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New(t) ideas

Gingrich and the politics of transformation

Issue: "Mission: Impossible?," Oct. 13, 2007

As I listen to the presidential candidates speak and engage in what passes for debate these days, it appears that most, if not all of them, are simply talking about improving the old government model, rather than boldly proclaiming a new one. The candidates-at least the Republican ones, if they remember what Republicans are supposed to stand for-should be talking about freedom from dependency and a return to self-sufficiency.

Last week, a small group of fellow journalists and I had breakfast with former Speaker Newt Gingrich. Talk about a man who has learned from his mistakes! It is thrilling to sit and listen to his ideas that are no longer based on partisan posturing and strategies to win the next election, but on proposals that would work and benefit all Americans, regardless of party affiliation.

"We need a new American dialogue that focuses on evidence and data and sorts out what works and what fails,' he says. "Then we need to migrate government policies and government bureaucracies away from failure and toward success." Gingrich calls government at all levels "incompetent" and makes no distinction about which party is running it.

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"The solutions we need are bigger than the current political process can create," says Gingrich. Who can credibly disagree? And if you do disagree, can you give an example of what major problems government is fixing? Social Security? Education? Health care?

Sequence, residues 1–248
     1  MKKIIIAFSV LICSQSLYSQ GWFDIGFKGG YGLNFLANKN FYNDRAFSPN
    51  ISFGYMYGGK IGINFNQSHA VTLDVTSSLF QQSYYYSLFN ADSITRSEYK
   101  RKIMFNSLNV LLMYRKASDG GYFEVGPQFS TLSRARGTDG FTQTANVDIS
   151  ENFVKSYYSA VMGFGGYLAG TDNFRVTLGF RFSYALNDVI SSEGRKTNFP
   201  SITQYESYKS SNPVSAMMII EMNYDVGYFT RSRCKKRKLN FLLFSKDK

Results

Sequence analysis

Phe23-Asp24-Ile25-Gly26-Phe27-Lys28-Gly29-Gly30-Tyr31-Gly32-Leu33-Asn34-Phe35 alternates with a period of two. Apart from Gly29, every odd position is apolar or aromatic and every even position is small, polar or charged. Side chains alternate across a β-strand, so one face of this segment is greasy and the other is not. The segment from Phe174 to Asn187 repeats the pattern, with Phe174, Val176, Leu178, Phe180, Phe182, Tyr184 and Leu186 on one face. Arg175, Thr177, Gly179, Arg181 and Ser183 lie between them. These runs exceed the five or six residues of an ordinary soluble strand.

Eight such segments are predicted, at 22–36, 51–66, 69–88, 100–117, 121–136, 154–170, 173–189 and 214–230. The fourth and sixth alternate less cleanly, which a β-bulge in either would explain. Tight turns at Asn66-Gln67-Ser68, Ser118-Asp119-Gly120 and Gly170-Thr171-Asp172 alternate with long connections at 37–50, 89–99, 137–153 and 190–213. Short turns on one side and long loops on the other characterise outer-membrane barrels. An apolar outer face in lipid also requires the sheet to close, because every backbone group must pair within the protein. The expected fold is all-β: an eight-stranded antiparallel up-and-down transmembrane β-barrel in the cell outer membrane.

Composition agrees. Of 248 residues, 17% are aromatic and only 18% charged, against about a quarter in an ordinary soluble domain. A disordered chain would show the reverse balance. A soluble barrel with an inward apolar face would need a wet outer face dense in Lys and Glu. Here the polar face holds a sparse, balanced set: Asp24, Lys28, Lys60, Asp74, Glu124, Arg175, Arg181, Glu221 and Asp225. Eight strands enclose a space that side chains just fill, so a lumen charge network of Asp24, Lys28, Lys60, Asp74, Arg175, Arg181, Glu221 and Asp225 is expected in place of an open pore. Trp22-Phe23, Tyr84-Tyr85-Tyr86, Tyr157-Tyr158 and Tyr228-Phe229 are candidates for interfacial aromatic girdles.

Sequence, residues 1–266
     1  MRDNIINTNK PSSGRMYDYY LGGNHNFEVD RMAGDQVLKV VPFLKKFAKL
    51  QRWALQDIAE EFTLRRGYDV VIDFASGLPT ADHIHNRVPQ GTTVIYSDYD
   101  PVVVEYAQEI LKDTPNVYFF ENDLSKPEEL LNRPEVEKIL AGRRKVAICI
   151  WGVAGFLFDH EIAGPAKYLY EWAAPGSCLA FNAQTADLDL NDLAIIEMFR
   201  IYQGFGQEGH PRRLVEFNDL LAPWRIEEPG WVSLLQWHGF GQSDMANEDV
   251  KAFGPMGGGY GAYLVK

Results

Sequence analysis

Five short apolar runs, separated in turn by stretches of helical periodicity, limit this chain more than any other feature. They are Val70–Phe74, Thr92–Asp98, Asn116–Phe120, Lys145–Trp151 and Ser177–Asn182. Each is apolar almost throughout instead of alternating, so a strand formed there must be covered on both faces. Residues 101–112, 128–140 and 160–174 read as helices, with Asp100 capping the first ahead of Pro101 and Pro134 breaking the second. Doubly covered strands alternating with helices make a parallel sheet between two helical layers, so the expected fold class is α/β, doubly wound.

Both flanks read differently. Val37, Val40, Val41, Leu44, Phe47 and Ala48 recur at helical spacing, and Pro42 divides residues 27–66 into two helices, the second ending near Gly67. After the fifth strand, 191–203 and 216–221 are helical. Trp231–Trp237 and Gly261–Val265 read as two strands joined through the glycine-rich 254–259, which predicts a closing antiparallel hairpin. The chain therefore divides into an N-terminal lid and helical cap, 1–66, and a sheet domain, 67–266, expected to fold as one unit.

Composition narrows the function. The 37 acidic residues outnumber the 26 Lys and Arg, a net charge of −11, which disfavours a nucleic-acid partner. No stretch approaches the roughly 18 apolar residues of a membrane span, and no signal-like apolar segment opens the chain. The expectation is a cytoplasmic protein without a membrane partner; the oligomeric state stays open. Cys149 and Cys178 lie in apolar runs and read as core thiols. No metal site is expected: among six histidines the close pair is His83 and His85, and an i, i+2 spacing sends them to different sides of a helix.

"We need an educational dialogue before we have a political debate," he says. Yes, we do, but who will give it to us if the presidential candidates are about patching and mending the current system? How many people understand basic economics and the principals behind capitalism? Who understands the history of their own country and the ideas that founded and have sustained it through domestic and foreign challenges? Are there politicians who will lead us to what we need rather than indulge us in the silliness of what we want, like our obsession with O.J. Simpson and other members of the cult of the depraved?

Even though Gingrich is not running for president, his ideas are worth considering.

-© 2007 Tribune Media Service, Inc.

Cal Thomas
Cal Thomas

Cal, whose syndicated column appears on WORLD's website and in more than 500 newspapers, is a frequent contributor to WORLD's radio news magazine The World and Everything in It. Follow Cal on Twitter @CalThomas.

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